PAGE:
No Bike Thieves in Copenhagen, it Seems. They're Testing Painted-On Bike Parkings!
Photo: Mikael at Copenhagenize
But Would it Work Anywhere Else?
We love Copenhagen (and Copenhagen seems to like TreeHugger too...). They're doing a lot of things right, especially when it comes to encouraging cycling. They even go as far as to build "bicycle superhighways"! Via our friend Mikael at Copenhagenize, we learn that the city's Bicycle Office is now testing "rack-less bike parkings". It seems like it might work in Copenhagen, but would it work anywhere else?
In Danish the text reads "Place your bicycle here". Photo: Mikael at Copenhagenize
Well, that's not exactly right. These types of bike parkings can works elsewhere: The city of Amsterdam has apparently been using them with success, and they seems to also be used in Osaka, Japan. But would it work anywhere in North-America? Or even in less bike-friendly countries in Europe or Asia?
I suppose you need to reach a pretty high density of bikes before bike thieves just aren't attracted by bikes anymore (or is it a cultural thing?). Or maybe it's just that the number of bike thieves doesn't go up with the number of bikes, so that there's about as many bikes stolen, but the chances of having your bike stolen are very low (safety in numbers)... A commenter on Copenhagenize said:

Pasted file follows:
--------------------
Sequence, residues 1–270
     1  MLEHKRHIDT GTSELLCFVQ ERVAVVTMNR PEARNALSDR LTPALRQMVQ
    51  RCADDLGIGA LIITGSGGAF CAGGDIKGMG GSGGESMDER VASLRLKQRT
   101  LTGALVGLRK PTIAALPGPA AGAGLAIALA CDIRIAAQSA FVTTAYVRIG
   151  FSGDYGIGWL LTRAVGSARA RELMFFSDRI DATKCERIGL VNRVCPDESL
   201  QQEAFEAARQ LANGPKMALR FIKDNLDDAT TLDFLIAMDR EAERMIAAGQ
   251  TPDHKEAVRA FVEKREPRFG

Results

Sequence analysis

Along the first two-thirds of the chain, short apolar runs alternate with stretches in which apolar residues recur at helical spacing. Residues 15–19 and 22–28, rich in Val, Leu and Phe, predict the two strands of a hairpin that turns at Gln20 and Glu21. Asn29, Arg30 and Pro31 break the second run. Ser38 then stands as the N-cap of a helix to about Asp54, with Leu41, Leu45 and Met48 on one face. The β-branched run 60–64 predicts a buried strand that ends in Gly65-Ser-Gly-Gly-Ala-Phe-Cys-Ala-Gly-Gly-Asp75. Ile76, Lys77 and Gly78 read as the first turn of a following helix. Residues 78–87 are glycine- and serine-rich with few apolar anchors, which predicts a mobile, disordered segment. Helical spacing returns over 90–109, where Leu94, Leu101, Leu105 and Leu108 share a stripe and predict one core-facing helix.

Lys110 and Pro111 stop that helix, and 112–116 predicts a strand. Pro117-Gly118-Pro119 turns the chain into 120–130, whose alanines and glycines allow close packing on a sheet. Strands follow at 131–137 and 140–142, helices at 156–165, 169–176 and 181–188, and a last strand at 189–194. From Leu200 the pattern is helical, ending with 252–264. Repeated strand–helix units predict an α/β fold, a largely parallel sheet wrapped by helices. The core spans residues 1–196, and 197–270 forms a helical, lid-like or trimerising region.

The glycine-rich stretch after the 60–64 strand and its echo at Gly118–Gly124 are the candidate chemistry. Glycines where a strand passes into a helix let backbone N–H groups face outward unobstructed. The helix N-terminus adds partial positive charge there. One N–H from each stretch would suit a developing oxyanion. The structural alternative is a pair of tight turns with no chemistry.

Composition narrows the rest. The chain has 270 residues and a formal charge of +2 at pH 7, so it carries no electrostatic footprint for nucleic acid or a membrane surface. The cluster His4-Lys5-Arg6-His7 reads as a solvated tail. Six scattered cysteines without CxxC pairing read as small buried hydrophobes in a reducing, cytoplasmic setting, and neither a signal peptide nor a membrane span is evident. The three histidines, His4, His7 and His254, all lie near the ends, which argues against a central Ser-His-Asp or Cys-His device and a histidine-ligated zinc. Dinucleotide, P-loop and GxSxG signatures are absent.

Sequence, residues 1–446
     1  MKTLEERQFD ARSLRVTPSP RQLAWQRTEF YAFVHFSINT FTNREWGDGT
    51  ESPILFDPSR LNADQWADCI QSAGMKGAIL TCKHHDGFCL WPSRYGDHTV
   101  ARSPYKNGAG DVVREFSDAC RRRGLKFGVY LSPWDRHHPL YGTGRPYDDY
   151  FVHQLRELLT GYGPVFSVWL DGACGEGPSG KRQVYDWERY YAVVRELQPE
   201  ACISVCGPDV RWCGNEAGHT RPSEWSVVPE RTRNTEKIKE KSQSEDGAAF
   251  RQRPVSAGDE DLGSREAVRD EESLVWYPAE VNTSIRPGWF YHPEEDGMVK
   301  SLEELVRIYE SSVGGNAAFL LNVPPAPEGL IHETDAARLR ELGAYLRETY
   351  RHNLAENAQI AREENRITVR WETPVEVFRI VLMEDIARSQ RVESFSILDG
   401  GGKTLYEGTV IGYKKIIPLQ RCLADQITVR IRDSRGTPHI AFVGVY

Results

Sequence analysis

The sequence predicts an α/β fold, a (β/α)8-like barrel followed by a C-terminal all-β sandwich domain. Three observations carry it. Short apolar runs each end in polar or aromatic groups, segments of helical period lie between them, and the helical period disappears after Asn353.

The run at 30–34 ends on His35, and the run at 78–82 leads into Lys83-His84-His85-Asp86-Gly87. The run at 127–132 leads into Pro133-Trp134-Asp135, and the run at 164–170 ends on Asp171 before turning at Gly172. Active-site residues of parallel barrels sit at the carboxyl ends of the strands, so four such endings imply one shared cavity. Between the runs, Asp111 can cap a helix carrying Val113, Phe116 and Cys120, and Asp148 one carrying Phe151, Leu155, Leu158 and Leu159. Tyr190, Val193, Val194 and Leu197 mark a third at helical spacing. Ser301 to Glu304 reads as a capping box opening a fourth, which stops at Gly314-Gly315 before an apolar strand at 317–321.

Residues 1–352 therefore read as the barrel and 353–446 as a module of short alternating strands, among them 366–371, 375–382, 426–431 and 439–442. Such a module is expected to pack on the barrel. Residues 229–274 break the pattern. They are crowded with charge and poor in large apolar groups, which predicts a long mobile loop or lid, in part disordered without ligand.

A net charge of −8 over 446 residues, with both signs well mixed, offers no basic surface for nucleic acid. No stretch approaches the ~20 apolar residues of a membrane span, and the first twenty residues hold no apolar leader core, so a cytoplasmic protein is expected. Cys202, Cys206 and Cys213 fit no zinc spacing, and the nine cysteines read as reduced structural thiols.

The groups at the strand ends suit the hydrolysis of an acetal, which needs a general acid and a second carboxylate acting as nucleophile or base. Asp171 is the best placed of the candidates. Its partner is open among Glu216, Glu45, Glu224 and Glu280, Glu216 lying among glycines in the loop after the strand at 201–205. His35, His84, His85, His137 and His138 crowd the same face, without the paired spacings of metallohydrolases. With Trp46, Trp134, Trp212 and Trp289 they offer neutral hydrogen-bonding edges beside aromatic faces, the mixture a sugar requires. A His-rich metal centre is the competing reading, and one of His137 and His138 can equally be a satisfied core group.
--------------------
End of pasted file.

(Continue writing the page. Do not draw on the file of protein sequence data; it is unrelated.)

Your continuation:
"I don't understand - are the bikes locked? Or are there no bicycle thieves in Denmark..?"
To which another replied:
"The bikes have a simple lock on the rear stay, that goes through the rear wheel, so it can't turn.
The bike can still be picked up and moved, of course.
You can use a bigger lock, and lock it to something, but it's not really worth your time. If you take into a account how unlikely it is that your bike is stolen, then any lock that takes more than three seconds to lock, is just too unwieldy."
In any case, I'm happy to see Copenhagen trying to make the city even more bike-friendly than it already is. This particular idea might not work, but the important thing is to keep trying, something that urban planners and politicians are afraid to do in too many places.
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